Yesterday, Wisconsin Attorney General J.B.Van Hollen issued a long-awaited advisory memorandum making it clear that merely openly carrying a firearm, absent additional facts and circumstances, is protected behavior under Article I, § 25 Of The Wisconsin Constitution and will never justify a disorderly conduct charge absent other criminal behavior.
I join other gun rights advocates in applauding AG Van Hollen for issuing an opinion that was much needed in Wisconsin where, in recent months, multiple citizens had been harassed, charged and had their property confiscated for merely exercising their rights under the state constitution.
And while this memo was issued specifically to the state’s district attorneys, I presume that all of the chief law enforcement officers in the state are also being made aware of this memorandum. After all, it was the overzealous activities of certain departments such as West Milwaukee, Chilton and West Allis in harassing law-abiding gun owners that led to the need for the AG to address the issue.
Taxpayers in West Milwaukee and Chilton are already facing a federal lawsuit filed last week by Wisconsin citizen Jesus Gonzales, who was repeatedly harassed by these departments, jailed, had his property confiscated but was ultimately never charged.
The legal vehicle which allows a citizen to sue officials over such misconduct is 18 U.S.C. § 1983 which allows one to sue for civil rights violations that occur “under color of law.” The Supreme Court has defined what is required for an official to be said to be acting “under color of law” as having “exercised powers possessed by virtue of state law and made possible only because the wrongdoer is clothed with the authority of state law.” Clearly police and prosecutorial misconduct meet this definition and it is anticipated that Mr. Gonzales will ultimately prevail in his suit.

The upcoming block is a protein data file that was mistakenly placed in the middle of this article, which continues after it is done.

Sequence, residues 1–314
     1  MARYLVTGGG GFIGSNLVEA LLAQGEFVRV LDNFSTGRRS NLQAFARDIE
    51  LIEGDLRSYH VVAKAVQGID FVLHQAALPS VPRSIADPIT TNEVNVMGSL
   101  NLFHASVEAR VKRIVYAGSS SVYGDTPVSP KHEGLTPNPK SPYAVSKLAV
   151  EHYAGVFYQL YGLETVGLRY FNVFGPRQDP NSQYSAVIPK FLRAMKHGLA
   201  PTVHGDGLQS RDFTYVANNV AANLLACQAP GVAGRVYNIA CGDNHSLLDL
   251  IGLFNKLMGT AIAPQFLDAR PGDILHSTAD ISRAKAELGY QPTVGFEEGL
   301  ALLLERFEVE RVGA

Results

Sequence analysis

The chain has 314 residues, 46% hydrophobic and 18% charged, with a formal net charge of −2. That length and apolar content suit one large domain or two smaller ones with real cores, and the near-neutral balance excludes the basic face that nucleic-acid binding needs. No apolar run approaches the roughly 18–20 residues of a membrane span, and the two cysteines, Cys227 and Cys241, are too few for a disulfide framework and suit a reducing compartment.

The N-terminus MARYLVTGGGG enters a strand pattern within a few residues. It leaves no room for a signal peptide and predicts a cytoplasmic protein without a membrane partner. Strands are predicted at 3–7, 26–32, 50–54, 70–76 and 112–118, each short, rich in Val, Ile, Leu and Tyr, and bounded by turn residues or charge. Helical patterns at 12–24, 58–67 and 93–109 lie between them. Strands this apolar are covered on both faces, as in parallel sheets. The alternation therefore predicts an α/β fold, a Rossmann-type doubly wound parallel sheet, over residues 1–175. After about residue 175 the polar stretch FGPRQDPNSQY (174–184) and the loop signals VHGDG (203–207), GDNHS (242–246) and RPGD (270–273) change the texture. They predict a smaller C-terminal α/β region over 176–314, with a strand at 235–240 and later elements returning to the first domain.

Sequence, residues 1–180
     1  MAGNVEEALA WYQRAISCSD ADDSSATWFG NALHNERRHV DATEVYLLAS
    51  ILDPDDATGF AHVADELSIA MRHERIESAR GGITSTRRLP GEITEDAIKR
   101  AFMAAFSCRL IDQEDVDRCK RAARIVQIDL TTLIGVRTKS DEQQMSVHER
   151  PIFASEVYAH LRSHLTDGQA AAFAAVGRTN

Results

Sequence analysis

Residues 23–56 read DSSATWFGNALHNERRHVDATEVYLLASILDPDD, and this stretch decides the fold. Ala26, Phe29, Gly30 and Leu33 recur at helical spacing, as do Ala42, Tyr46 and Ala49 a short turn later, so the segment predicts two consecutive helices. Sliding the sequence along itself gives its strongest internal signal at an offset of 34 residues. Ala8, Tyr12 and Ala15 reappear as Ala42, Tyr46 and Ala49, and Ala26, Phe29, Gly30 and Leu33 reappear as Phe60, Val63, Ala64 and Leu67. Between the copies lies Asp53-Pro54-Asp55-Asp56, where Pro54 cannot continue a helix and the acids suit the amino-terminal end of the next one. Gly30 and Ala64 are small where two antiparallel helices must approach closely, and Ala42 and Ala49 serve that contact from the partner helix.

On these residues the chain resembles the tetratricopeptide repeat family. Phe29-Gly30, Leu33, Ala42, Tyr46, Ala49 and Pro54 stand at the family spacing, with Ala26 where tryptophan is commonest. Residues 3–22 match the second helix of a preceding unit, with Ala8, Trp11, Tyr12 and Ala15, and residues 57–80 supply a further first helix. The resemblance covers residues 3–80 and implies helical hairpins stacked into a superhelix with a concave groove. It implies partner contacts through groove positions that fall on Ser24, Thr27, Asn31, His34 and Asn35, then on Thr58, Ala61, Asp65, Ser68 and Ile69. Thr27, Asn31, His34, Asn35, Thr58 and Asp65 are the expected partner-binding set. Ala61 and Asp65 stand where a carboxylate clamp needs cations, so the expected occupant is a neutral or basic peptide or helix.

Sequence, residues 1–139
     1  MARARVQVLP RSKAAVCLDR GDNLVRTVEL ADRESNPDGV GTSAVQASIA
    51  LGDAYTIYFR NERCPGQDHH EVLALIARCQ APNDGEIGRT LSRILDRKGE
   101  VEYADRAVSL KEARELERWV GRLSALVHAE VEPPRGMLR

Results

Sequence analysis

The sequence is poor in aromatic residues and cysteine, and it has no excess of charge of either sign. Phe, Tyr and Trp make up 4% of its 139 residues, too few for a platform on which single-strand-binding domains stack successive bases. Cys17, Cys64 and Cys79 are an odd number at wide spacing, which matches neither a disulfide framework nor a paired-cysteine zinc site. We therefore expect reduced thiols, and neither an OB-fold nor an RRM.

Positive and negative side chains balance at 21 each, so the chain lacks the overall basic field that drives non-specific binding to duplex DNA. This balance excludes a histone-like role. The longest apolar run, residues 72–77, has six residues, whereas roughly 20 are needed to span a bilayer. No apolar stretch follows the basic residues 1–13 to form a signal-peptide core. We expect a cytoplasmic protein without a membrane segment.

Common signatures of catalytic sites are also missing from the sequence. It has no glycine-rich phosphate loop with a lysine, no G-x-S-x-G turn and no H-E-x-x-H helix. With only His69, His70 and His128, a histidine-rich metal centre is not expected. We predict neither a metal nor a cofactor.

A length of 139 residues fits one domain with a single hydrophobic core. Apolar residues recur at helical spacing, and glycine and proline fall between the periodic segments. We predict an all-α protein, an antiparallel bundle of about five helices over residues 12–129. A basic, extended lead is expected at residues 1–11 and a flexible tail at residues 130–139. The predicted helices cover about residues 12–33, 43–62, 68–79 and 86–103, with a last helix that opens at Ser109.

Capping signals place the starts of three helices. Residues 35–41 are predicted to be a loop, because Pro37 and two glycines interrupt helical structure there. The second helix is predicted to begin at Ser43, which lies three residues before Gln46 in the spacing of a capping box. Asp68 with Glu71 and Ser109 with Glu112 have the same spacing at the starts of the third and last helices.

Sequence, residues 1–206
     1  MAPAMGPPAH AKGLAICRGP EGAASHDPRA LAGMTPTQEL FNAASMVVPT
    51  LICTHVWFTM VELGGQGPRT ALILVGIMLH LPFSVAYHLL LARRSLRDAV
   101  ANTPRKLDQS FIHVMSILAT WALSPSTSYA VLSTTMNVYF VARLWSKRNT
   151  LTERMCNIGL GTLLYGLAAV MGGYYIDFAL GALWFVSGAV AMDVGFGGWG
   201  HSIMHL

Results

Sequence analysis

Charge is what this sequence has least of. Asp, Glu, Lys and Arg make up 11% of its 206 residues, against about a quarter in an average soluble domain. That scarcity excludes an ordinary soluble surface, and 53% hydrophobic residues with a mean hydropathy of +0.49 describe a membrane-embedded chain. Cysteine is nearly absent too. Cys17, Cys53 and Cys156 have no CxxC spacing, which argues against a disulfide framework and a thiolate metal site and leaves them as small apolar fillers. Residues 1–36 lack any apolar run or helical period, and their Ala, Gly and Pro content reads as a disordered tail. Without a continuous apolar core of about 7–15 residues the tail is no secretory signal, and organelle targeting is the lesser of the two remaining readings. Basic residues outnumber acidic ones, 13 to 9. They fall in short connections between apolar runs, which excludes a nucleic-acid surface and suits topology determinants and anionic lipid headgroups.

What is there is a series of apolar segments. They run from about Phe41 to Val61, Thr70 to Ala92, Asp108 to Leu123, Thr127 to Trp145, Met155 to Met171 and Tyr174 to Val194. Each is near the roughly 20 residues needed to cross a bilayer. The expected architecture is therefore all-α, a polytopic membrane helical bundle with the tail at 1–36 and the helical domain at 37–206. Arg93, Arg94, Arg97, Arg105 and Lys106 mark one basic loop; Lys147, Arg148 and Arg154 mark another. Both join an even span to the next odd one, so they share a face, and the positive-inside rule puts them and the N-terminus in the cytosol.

The good news for the taxpayers of Wisconsin is that, now that AG Van Hollen has issued this memorandum, there should be no further official misconduct or harassment of law-abiding gun owners leading to further waste of taxpayer dollars … Right?
Well … let’s not jump to conclusions. Another important issue that AG Van Hollen attempted to address in his memorandum was whether or not the simple act of openly carrying a firearm would justify a non-consensual detainment, by law enforcement, of a citizen. This is often referred to as a Terry Stop.
The memo answers this question in the affirmative and then goes on to point out that this would only be true however if the “totality of the circumstances” provides the officer with reasonable and articulable suspicion of criminal activity. Given the fact that Terry Stops are frequently misused by law enforcement, the structure and wording of the memo, while perfectly legally correct, may mislead law enforcement agencies into the belief that simply seeing a person open carrying will justify a non-consensual encounter.
As if to prove my point, in a Milwaukee Journal Sentinel article, Milwaukee Police Chief Edward Flynn said he would advise his officers to question anyone out in public with a gun. He went on to say that “If my officers see someone walking around the City of Milwaukee with a firearm openly displayed, it borders on irresponsible if I were to communicate to members of my community that they can carry that firearm with impunity.”
It sure sounds to me as if Chief Flynn is planning to utilize the power and authority conveyed upon him by the state of Wisconsin to enforce a “chilling effect” upon the rights of citizens by intimidating those who dare to exercise those rights. Now when I word it like that, I suspect that the Wisconsin civil rights attorneys reading this article get a twinkle in their eye and an unconscious desire to pull up their billing software.
It appears to me that Milwaukee is still a few judgments short of a complete understanding of the limits that a free society places upon the police power.